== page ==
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Dale, that is a beautiful car and the engine bay has been well detailed and looks to be well maintained. I guess you can sense our bias against non-Olds drive train swaps into Oldsmobiles. Sorry, it is hard to overcome those natural tendancies. I agree that if the seller really wants to move the car and has the knowledge they would fix those small items for you. Many mid to late sixties B bodies (like your 88) had a cable to the driver's front wheel which drove the speedometer, not sure about 1960 models though. This would be a positive for you as it would be easier to get the speedo hooked up than if it were driven off a gear in the transmission. We have some members that may be able to fill us in on that fact. As for the other gauges, if the oil gauge is of the direct mechanical type, not a problem. For coolant temperature, you could either get an original sender to drive the gauge and mount it on the chevy engine (wherever that would be), or get an aftermarket gauge with a sender, mount the sender and place the gauge in the stead of the original. This second solution would require getting under/behind the dash and could be difficult. Is there any kind of gauge for electrical system? Gen light, or a gauge or what? This may be difficult too. All these would not be impossible to overcome but just items to consider.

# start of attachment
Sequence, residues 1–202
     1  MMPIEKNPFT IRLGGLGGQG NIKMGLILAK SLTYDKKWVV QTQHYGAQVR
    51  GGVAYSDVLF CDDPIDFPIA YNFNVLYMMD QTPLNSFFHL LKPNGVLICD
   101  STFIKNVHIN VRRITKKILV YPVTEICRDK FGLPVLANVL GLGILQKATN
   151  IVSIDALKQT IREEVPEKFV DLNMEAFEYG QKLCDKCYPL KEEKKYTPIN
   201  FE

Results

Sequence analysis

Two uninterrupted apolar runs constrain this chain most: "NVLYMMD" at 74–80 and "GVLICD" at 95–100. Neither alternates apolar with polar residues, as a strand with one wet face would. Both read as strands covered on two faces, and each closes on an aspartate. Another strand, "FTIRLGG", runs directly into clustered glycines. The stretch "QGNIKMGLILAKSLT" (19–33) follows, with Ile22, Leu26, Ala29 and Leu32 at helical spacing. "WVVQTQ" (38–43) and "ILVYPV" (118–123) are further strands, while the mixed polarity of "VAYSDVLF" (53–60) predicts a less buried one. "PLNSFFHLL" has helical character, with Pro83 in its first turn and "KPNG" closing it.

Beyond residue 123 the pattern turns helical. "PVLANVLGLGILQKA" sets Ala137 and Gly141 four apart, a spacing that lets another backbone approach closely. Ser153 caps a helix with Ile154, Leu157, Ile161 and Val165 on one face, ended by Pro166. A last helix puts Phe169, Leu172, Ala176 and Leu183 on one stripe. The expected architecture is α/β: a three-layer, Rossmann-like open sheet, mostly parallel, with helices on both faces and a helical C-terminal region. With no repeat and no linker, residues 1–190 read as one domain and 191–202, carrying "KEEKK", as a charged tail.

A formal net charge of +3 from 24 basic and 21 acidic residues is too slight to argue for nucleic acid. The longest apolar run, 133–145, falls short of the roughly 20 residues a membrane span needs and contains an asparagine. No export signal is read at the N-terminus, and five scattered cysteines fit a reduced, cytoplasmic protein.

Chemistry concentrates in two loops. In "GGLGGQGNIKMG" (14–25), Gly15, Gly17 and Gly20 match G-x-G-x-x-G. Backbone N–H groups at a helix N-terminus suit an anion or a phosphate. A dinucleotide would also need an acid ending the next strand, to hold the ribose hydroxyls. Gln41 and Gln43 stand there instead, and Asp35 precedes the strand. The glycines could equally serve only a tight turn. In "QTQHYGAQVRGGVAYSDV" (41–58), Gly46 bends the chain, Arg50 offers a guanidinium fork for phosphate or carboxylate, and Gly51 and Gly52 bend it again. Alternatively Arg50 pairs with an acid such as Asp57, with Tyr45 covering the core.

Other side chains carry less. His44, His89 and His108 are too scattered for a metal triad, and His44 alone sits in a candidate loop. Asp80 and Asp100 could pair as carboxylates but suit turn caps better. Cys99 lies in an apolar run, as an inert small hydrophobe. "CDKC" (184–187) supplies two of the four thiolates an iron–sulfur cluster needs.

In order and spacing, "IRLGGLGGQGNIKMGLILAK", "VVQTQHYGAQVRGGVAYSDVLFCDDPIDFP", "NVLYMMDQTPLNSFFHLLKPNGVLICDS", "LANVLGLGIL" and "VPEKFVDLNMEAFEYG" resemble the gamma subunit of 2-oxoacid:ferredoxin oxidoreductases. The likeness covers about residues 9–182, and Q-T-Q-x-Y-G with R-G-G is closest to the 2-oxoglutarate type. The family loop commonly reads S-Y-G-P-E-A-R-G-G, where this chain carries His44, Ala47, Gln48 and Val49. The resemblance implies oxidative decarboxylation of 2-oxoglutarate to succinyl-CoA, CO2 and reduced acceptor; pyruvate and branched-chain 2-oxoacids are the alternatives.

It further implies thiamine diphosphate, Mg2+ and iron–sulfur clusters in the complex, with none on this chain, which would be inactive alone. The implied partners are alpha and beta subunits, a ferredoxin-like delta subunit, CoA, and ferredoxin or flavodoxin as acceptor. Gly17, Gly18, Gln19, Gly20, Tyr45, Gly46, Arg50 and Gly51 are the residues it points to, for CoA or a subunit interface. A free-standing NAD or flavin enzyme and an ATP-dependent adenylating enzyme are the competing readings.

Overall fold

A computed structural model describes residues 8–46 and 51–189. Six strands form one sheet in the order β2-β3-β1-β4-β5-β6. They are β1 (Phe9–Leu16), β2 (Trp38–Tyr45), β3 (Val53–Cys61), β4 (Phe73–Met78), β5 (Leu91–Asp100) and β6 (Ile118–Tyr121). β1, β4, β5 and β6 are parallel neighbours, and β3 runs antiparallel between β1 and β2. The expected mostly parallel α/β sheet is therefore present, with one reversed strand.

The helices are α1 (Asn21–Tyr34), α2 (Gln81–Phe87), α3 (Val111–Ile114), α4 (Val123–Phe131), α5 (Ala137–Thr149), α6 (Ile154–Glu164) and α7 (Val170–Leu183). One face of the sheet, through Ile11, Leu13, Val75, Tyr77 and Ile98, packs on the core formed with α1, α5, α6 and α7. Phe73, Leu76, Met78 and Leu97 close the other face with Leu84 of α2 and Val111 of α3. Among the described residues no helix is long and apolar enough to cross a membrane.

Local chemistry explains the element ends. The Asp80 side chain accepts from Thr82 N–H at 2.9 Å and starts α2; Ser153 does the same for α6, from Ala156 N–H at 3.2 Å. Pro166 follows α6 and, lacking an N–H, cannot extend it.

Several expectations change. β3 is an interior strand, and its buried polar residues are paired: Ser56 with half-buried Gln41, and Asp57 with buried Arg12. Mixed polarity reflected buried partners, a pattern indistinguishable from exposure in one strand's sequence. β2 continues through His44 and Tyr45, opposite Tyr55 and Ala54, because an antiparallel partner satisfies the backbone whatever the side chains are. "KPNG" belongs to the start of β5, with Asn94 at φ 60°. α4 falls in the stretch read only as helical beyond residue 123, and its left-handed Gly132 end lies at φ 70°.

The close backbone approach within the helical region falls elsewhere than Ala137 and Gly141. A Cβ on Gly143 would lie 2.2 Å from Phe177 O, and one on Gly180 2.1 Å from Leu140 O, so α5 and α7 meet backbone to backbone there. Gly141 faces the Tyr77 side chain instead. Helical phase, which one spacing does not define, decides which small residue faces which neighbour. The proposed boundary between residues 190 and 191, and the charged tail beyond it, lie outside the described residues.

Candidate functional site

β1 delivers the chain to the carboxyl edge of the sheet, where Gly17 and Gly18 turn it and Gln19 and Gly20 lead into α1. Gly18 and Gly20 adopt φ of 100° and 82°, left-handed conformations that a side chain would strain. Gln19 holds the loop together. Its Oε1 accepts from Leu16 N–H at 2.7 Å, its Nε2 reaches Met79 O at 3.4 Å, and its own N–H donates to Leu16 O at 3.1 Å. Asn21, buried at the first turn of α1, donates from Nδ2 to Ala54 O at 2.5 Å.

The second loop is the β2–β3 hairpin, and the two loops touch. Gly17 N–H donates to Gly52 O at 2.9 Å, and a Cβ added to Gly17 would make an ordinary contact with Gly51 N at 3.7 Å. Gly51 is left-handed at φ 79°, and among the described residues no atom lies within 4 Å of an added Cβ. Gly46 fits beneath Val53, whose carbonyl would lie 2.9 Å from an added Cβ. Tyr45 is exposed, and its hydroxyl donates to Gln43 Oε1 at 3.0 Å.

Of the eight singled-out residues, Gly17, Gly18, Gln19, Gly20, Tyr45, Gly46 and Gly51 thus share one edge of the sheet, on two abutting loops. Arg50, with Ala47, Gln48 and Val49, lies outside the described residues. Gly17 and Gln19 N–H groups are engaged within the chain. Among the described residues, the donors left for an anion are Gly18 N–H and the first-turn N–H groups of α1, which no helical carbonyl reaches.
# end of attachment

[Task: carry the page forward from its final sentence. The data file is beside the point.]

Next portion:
We can appreciate the fact that you are in kiwi land and US made car parts, especially for these older Oldsmobile may be hard to come by. This may explain the engine transplant. We can share some resources for parts that will most likely ship to you. We hope the best for you and will be here to help you out if you buy the car. Good luck and again, nice car.
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Old June 17th, 2008, 11:47 AM   #7
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Thanks Dan.
I have put a few questions to the dealer and am awaiting their response.
Thankyou once again for all the great advice.

Cheers
Dale
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Old June 17th, 2008, 12:17 PM   #8
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Dale,

I would tend to agree with some of the other comments about cars with an engine swap. Those things rarely work out well due to motor mounts being in a different place requiring "jack leg" modifications which may result in interference with other things beneath the hood. I made the mistake of buying a car (a '58 Mercury) which had been subject to an engine swap. Because of sentimental reasons I didn't dump the car, but it ended up costing me around $8,000 to get things back the way they were originally.